Friday May 05, 2017

After Toronto librarian takes aim at Little Free Libraries, its co-founder pushes back

Todd Bol is the co-founder and executive director of the non-profit organization Little Free Library.

Todd Bol is the co-founder and executive director of the non-profit organization Little Free Library. (Courtesy of Little Free Library)

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One of the founders of Little Free Library, the non-profit that distributes birdhouse-like book exchange boxes, is defending his organization following criticism from a Toronto librarian.

On Thursday, Ryerson University's Jane Schmidt told As it Happens about a paper she has co-authored about Little Free Library. She pointed out that many of the boxes are located in well-to-do neighbourhoods — not in so-called "book deserts" the Little Free Library purports to help. She has also expressed concern that this project may undermine political support for public libraries.

Little Free Library

A Little Free Library in Minneapolis. (Courtesy of Little Free Library)

Todd Bol is the co-founder and executive director of Little Free Library. Here's part of his conversation with As it Happens host Carol Off:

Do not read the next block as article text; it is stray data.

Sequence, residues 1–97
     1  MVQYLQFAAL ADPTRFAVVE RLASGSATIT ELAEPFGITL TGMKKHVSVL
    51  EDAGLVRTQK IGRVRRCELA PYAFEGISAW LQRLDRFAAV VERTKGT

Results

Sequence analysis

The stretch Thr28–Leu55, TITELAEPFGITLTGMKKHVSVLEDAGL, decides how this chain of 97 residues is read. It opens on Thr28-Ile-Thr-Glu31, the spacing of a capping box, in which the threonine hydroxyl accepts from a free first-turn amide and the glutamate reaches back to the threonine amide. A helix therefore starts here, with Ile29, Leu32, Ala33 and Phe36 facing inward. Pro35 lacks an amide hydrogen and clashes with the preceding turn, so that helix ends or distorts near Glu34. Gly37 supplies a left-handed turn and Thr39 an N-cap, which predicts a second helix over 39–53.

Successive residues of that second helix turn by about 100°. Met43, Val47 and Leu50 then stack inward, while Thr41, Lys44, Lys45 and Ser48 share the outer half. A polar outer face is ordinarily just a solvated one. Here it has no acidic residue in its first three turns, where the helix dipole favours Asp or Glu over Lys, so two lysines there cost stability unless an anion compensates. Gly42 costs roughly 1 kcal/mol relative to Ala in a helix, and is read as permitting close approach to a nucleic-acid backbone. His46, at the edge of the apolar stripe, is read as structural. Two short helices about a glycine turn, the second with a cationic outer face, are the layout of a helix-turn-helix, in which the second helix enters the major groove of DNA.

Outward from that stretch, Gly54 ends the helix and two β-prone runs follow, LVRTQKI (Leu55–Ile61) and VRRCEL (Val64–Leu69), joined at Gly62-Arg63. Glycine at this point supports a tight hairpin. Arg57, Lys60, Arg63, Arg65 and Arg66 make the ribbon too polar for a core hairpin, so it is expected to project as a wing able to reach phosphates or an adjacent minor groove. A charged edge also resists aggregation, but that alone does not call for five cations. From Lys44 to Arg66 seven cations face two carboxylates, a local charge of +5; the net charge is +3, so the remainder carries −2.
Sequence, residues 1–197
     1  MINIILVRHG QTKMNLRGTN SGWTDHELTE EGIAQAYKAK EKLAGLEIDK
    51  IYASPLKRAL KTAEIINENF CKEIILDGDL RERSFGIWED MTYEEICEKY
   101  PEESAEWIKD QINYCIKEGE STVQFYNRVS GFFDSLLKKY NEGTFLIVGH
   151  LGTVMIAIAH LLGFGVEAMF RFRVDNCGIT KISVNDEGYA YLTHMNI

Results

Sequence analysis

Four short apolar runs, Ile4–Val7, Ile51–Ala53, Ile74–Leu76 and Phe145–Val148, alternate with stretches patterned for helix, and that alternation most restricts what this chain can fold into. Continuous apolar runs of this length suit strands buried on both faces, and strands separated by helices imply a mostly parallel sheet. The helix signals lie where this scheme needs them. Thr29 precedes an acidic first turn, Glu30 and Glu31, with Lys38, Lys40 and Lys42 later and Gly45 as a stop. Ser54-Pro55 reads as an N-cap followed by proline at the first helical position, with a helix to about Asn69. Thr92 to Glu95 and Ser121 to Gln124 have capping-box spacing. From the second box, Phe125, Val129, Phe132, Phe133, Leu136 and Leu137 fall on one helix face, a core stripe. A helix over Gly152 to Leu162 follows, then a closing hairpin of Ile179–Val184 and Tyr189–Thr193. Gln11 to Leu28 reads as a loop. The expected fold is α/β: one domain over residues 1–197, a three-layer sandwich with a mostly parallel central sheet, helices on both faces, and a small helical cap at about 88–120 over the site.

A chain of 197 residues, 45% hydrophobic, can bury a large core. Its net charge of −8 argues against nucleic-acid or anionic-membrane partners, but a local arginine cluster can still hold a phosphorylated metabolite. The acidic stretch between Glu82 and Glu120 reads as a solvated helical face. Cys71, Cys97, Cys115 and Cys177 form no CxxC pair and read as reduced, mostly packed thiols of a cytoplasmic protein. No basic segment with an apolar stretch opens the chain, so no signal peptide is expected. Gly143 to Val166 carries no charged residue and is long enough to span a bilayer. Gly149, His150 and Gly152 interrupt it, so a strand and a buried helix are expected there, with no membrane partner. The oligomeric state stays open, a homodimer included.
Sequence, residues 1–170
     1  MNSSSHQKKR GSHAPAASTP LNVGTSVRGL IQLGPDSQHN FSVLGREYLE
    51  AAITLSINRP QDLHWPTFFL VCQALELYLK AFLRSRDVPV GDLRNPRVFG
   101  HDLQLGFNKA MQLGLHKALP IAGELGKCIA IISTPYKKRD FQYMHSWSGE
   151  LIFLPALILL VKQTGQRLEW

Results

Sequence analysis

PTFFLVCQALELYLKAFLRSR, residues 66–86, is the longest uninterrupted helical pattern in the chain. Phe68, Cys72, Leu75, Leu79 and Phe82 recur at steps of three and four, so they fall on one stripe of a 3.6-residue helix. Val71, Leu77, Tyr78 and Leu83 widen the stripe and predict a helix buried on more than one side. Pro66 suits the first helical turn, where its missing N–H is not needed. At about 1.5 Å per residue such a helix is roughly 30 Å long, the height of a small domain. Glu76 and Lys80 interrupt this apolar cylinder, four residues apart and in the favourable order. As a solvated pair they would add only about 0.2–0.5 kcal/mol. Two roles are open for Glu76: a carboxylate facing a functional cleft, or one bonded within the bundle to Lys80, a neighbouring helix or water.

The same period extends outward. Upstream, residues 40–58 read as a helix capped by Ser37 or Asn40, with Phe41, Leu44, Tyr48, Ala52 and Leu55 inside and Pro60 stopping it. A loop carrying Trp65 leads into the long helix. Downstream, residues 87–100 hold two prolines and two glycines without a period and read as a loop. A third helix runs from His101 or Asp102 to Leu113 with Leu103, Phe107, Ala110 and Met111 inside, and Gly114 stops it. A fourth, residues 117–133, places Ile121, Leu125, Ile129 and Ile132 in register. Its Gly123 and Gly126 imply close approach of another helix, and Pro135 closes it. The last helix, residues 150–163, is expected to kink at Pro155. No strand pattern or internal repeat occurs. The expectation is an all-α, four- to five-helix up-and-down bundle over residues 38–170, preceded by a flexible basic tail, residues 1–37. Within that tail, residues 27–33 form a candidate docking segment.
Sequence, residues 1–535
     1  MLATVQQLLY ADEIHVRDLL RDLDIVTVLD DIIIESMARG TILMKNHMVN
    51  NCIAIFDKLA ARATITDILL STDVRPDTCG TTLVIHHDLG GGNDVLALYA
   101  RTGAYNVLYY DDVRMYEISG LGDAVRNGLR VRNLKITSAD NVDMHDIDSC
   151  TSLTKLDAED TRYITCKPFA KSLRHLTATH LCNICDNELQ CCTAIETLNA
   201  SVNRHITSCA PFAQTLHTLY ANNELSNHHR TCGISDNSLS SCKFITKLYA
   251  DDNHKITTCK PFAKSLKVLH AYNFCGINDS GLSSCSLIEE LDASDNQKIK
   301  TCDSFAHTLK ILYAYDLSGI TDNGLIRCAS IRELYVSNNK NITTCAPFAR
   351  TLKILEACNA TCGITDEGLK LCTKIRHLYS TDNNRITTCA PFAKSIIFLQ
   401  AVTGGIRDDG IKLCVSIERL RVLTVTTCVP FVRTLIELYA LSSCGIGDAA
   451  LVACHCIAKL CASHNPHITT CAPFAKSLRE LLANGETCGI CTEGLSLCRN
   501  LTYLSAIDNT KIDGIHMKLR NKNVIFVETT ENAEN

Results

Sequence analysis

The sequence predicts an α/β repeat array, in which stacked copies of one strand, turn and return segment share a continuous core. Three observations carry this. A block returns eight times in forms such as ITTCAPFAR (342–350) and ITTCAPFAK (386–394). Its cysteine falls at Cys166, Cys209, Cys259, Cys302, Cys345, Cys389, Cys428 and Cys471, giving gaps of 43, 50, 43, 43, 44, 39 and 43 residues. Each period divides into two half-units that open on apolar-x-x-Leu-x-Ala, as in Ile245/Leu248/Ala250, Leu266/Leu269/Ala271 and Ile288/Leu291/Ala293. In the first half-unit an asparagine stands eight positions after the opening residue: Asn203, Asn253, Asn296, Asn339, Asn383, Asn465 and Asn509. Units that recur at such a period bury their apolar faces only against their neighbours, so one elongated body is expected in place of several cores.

CAROL OFF: You speak on your website [of] "watering book deserts" — bringing books to places that don't have many. The librarian we spoke with last night, Jane Schmidt, she crunched the numbers in two Canadian cities — Toronto and Calgary — and what she found is that most Little Free Libraries are in places where people are financially quite comfortable and well-schooled, and have access to libraries, and also, probably, the money to buy the books. What "book deserts" are you serving?

TODD BOL: I agree with what she's saying. What happens is people listen to radio programs like this, or read about us, and they put up a Little Free Library in front of their house. They start to serve their community. Then what they do is they start to reach out and they start to put the Little Free Libraries maybe at the laundromat at a high-needs neighborhood. It starts expanding more and more, and as it gets more mature in a community, it starts to go to higher-needs neighbourhoods.

Also, we have an impact fund where people apply every month — hundreds of people, thousands sometimes — and we give out Little Free Libraries to high-needs neighbourhoods as much as we can. We encourage people not only to support their community as much as they can and put them in high-needs neighbourhoods, but also support our impact fund. We strive to give in more and more diverse neighbourhoods, everywhere.

Little Free Library

A Little Free Library in Traverse City, Michigan. (Courtesy of Little Free Library)

CO: I saw on your website the solicitation for contributions for the impact fund. It's also, as I understand, a US $40 fee to register as a Little Free Library. You say they're 55,000 of them. What do you do with all of that money?

TB: I've never been asked that. But, you know, we do the best we can to run programs … We try to put them in communities of high needs as much as possible and distribute to libraries.